The Blue Tit will nest in any suitable hole in a tree, wall, or stump, or an artificial nest box, often competing with House Sparrows or Great Tits for the site. Few birds more readily accept the shelter of a nesting box; the same hole is returned to year after year, and when one pair dies another takes possession. It is estimated by the RSPB that there are 3,535,000 breeding pairs in the UK. The bird is a close sitter, hissing and biting at an intruding finger. In the South West of England such behaviour has earned the Blue Tit the colloquial nickname "Little Billy Biter". When protecting its eggs it raises its crest, but this is a sign of excitement rather than anger, for it is also elevated during nuptial display. The nesting material is usually moss, wool, hair and feathers, and the eggs are laid in April or May. The number in the clutch is often very large, but seven or eight are normal, and bigger clutches are usually laid by two or even more hens. It is not unusual for a single bird to feed the chicks in the nest at a rate of one feed every ninety (90) seconds during the height of the breeding season. In winter they form flocks with other tit species.
Blue and Great Tits form mixed winter flocks, and the former are perhaps the better gymnasts in the slender twigs. A Blue Tit will often ascend a trunk in short jerky hops, imitating a Treecreeper. As a rule the bird roosts in ivy or evergreens, but in harsh winters will nest wherever there is a suitable small hole, be it in a tree or nesting box. Blue tits are very agile and can hang from almost anywhere. This is a common and popular European garden bird, due to its perky acrobatic performances when feeding on nuts or suet. It swings beneath the holder, calling "tee, tee, tee" or a scolding "churr".
The Blue Tit is a valuable destroyer of pests, though it has not an entirely clean sheet as a beneficial species. It is fond of young buds of various trees, and may pull them to bits in the hope of finding insects. No species, however, destroys more coccids and aphids, the worst foes of many plants. It takes leaf miner grubs and green tortrix moths (Tortricidae). Seeds are eaten, as with all this family.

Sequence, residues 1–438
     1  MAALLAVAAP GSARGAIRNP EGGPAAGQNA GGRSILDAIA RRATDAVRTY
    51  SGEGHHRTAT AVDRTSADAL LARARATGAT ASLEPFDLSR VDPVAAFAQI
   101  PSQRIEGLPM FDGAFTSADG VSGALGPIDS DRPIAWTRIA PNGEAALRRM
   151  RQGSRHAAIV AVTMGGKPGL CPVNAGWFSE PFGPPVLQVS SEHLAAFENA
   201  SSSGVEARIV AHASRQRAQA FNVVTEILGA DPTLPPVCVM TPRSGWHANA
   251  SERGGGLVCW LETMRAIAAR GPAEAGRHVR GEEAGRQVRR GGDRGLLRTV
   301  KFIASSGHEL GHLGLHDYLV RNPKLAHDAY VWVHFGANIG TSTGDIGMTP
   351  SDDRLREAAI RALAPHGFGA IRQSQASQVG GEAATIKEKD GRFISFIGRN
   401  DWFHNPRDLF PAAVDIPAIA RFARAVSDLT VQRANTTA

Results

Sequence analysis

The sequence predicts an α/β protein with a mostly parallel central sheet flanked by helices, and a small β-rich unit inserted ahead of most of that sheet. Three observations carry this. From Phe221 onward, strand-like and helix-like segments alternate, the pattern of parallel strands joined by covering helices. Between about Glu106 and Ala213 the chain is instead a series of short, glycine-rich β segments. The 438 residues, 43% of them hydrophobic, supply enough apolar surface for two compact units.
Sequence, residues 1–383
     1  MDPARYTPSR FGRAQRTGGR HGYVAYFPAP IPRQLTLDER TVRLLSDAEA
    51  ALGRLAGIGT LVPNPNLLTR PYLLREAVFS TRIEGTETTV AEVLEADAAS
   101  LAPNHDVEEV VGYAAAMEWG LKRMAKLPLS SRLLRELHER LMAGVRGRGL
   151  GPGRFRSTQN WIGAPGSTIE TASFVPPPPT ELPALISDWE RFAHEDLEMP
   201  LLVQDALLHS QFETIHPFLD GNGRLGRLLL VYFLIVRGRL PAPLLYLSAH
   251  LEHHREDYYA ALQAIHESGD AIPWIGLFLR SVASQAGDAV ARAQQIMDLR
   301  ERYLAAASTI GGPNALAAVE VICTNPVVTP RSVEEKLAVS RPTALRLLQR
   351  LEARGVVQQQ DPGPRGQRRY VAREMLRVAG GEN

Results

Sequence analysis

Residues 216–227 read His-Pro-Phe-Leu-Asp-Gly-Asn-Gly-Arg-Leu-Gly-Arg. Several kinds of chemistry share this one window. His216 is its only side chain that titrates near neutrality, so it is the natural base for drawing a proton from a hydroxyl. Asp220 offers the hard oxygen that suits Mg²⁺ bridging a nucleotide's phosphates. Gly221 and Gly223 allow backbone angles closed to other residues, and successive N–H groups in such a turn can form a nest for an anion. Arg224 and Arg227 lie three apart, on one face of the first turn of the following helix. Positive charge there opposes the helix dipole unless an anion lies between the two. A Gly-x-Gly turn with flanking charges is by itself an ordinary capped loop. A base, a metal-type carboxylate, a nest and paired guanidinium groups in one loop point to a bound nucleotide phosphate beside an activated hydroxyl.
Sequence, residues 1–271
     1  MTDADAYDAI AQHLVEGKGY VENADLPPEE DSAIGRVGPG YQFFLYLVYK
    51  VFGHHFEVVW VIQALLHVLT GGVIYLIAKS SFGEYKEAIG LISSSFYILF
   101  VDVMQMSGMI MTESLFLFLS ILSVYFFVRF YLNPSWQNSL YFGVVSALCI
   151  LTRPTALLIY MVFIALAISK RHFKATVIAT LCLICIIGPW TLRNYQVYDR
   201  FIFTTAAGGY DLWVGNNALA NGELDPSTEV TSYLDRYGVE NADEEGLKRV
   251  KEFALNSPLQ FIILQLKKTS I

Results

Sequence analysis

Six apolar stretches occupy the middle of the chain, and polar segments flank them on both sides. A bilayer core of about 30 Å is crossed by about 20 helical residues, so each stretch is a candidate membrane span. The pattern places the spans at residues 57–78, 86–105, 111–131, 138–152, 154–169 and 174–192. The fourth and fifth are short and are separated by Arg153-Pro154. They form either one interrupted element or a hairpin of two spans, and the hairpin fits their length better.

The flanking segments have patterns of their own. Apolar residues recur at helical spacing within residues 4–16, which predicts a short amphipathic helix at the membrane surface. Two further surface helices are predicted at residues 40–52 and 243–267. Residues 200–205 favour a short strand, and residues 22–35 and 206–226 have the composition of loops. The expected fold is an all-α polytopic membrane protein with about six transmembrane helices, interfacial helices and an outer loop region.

Blue Tits use songs and calls throughout the year. Songs are a mostly used in late winter and spring to defend the territory or to attract mates. Calls are used for multiple reasons. Communication with other Blue Tits is the most important motivation for the use of calls. They inform one another on their location in trees by means of contact-calls. They use alarm-calls to warn others (including birds of other species such as the Great Tit, the European Robin or the Treecreeper) about the presence of predators in the neighbourhood. Scolding for example is used when a ground predator (e.g. Fox, Cat or Dog), a low flying predator or a perched Owl are noticed. Sometimes this is followed by mobbing behaviour in which birds gather together in flocks to counter a predator. The alarm-whistle warns other birds about the proximity of a Eurasian Sparrowhawk, a Northern Goshawk, a Common Buzzard or other flying predators that form a potential danger in the air. A series of high-pitched 'zeedling' notes are given by both partners before and during copulation. The begging-call is used by juveniles to beg for food from parents.
Blue Tits are able to culturally transmit learning to other Tit species. An example of this, dating from the 1920s, is the ability to open milk bottles with foil tops, to get at the cream underneath. Such behaviour has been suppressed recently by the gradual change of human dietary habits (low-fat or skimmed milk instead of full-fat), and the way of getting them (from a supermarket, instead of the milkman).
The small size of the blue tit makes it vulnerable to prey by larger birds such as Jays who catch the vulnerable fledglings when leaving the nest. The most important predator is probably the sparrowhawk. Nests may be robbed by mammals such as weasels and red squirrels and grey squirrels in the UK.
The successful breeding of chicks is dependent on sufficient supply of green caterpillars as well as satisfactory weather. Breeding seasons may be affected badly if the weather is cold and wet between May and July, particularly if this coincides with the emergence of the caterpillars on which the nestlings are fed.
Blue Tits are known to be host to feather mites, and rarely lice and flat flies. In Europe the only feather mite species known to live on the Blue Tit host is Proctophyllodes stylifer. P. stylifer however seems to be of no concern to the bird as, until now, it is only known to feed on dead feather tissue. P. stylifer lives all its developmental stages, i.e. egg, larva, protonymph, tritonymph and adult, within the plumage of the same host. The usual sites where P. stylifer is encountered are the remiges and the rectrices of the bird where they can be found tandemly positioned between the barbs of the rachis.
The Blue Tit is classified as a Least Concern species on the IUCN Red List (version 3.1), and as a Green Status species, since 1996, by the Royal Society for the Protection of Birds in the United Kingdom.